For Rachel is very important to have her work in real life. She is interested in working her practice with context and not to be just by herself doing some drawing in her room.

She has work for many different clients. One of them is the Tate in Liverpool. Also Rachel works for the “Documentary and Reportage Illustration”. We saw some work about “Dreamland, Cairo, Research” and the architecture of the UK borders. The mediums for the UK borders are pencil and gouache. When working in digital she doesn’t like Illustrator and would only use Photoshop. I was glad to hear about someone else, apart from me, who doesn’t like Illustrator.

In the afternoon we had a class with her and we learned how to do an animation with Photoshop. I told her that this year I am happy that I’m doing more illustration that the previous years and she said something like “let’s have a very intense last month’s illustration time” and that, I felt, melted my heart!


Joe Cruz


Yesterday, finally, we had in our Hot House talk an illustrator instead of a graphic designer as it has been happening since these talks started. As we are students in our last year and potential workers in the industry of arts Joe Cruz gave us advices based in his own experience in finding work after university. Joe was determined to be a freelance illustrator. He looked for opportunities and tried different things yet he ended up having to sign on in the job centre, where he felt they couldn’t help very much to achieve his dream of working as an illustrator. After a while he got a part time job as an invigilator in a gallery for two years. He finds that this was very fortunate because it gave him time to do things related to his own practice as well as being closed to arts. Also he could read in his work hours in the gallery! Meanwhile he kept looking for opportunities for his own work as an illustrator and researching and gathering images in a file from other artists. He makes a point here on trying to keep looking and researching at other artists after leaving university.


Also he advised us about the importance of being closed to other artists. Joining a studio abled him to discuss ideas and he wouldn’t feel isolated in his practice after the intensive years of university. His first project was Celebrity Culture about fashion which is an area he is very interested on. Actually for his FMP he made an illustrated introduction of the fashion industry for young children. He finds a very useful way of getting work to search into the design websites where he sends his work through the links he finds in these webs. So far it has worked really well for him. He cautioned us about the agencies and companies trying to get advantage of internships and students work for free. When he likes a magazine he tries to get in touch with them, if possible to have a coffee, and brings a project for them. Last September he had his first solo exhibition in the Book Club. This exhibition was funded by the university he works now for.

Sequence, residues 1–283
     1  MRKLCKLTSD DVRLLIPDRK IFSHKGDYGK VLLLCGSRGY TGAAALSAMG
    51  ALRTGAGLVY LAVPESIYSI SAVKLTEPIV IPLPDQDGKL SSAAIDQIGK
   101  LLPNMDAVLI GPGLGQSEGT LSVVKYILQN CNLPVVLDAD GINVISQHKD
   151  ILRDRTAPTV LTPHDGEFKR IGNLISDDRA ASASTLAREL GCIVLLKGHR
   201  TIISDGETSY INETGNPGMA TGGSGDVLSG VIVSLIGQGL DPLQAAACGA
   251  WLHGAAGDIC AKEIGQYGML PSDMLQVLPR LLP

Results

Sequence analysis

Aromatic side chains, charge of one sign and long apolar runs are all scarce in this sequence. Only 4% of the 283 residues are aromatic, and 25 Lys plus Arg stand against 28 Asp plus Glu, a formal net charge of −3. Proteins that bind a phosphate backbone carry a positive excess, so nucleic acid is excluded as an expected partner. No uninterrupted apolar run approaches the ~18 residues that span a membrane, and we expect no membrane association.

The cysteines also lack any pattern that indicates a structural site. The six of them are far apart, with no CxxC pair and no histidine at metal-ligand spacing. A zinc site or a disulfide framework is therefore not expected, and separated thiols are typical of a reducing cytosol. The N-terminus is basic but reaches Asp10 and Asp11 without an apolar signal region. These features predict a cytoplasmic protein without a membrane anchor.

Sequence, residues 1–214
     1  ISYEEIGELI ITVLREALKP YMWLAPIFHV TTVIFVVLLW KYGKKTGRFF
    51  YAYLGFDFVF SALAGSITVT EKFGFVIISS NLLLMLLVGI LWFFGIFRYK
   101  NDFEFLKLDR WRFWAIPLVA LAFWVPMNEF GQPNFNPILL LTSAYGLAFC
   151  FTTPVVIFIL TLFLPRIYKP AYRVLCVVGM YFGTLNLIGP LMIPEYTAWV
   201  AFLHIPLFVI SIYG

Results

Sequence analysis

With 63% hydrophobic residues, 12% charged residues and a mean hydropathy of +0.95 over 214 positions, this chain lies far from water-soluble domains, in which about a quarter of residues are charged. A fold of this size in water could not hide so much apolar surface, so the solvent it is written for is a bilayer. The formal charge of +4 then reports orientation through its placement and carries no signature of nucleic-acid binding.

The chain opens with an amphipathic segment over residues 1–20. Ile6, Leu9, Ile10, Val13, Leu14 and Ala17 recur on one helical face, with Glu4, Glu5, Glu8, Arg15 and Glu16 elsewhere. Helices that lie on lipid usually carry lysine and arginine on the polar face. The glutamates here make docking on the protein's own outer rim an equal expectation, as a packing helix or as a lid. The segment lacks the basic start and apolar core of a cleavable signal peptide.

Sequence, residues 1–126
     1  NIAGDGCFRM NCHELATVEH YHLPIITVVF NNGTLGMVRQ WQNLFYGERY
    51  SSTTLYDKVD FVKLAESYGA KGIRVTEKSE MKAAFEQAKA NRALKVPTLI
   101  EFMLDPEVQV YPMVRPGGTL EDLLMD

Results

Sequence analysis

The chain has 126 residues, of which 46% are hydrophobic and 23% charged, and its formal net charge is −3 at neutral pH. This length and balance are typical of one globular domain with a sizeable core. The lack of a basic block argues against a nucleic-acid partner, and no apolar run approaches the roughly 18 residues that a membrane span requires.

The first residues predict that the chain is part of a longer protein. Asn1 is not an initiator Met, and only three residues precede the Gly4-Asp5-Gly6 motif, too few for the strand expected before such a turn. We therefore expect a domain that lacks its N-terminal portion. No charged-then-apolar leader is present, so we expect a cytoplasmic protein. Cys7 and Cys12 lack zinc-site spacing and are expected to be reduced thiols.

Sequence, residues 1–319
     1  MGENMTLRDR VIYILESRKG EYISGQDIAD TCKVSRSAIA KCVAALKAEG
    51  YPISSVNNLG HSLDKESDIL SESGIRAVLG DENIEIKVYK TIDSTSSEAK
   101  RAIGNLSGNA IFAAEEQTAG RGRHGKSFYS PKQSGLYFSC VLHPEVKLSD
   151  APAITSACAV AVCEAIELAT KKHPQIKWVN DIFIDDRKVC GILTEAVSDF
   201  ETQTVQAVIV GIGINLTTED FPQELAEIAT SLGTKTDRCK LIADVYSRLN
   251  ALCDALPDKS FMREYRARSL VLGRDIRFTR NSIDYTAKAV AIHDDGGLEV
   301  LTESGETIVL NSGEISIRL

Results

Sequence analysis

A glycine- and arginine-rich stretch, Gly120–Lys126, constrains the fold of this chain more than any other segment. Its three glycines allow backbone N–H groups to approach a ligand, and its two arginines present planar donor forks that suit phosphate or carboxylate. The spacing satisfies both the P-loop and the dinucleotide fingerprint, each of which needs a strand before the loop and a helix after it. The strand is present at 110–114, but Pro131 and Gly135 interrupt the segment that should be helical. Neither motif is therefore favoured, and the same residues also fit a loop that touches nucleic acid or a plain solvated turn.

About his art work is strong and beautiful. With little components in the images, usually very saturated strokes of pastel colours on top of black and white images. He doesn’t like screen printing because is messy and difficult so he developed his own printing way which is an idea that I have been thinking about lately.



Sara Boris

Sara Boris came on Friday to our Hot House as a graphic designer guest. She is also a tutor in the Press studio. Her talk was full of useful tips on how to enter and keep a career as a graphic designer. She worked for the Barbican for two years and a half. It was encouraging to know that they didn’t accept her first application but she entered in her second try. She pointed with this that we don’t always sell ourselves in the right way so is worth to redo an application and try again. After a while in the Barbican working as an internal designer she wanted to do more things within the company and for this she convinced the curator that she could do more such as creating a visual identity for the company through her designs. Then after talking about her experience at the Barbican she gave us a tour through the many jobs and works she has done in her career as a graphic designer. The last one was with Phaidon publishers until February 2015. In this company she worked with different artists such as Toni Urgeres, illustrator for children and erotic books, among others. If I have to put a name to her presentation it would be “efficiency”. In around fifty minutes she delivered so much information within the graphic design field, her work, experience, and all this in a very understandable and entertaining way.

What I most liked was he studio “Le theatre del graphics” in which people were invited to go in and talk to her. This seems to be linked to her past as a student of theatre. Also at the very end she talked about what was “her” work, meaning not for any company but for her as an independent artist. In this section she showed a rug made with one of her designs. And this triggered my imagination… I’d love to design rugs with my illustrations! I will definitely explore in this field. And there was another section called “not work” in which she showed things she likes. Here was a little treasure: a collection of old books from her grandfather.

grandfather collection

The images for this presentation had a general air of tidiness and a “serious sense of playfulness” She claimed to be a fan of black and white.


Hot House. It’s Nice That.

“It’s Nice That” introduced yesterday the first Hot House event. Emily Gosling gave us a presentation-tour through the agency and talked about the great success and magnitude of this company which was quite amazing! Half of the studio is a creative agency. The way to find content for the agency is through email, Tumblr, Flirck but she recommended the most to meet people in social activities. These is usually the best and most fun she pointed.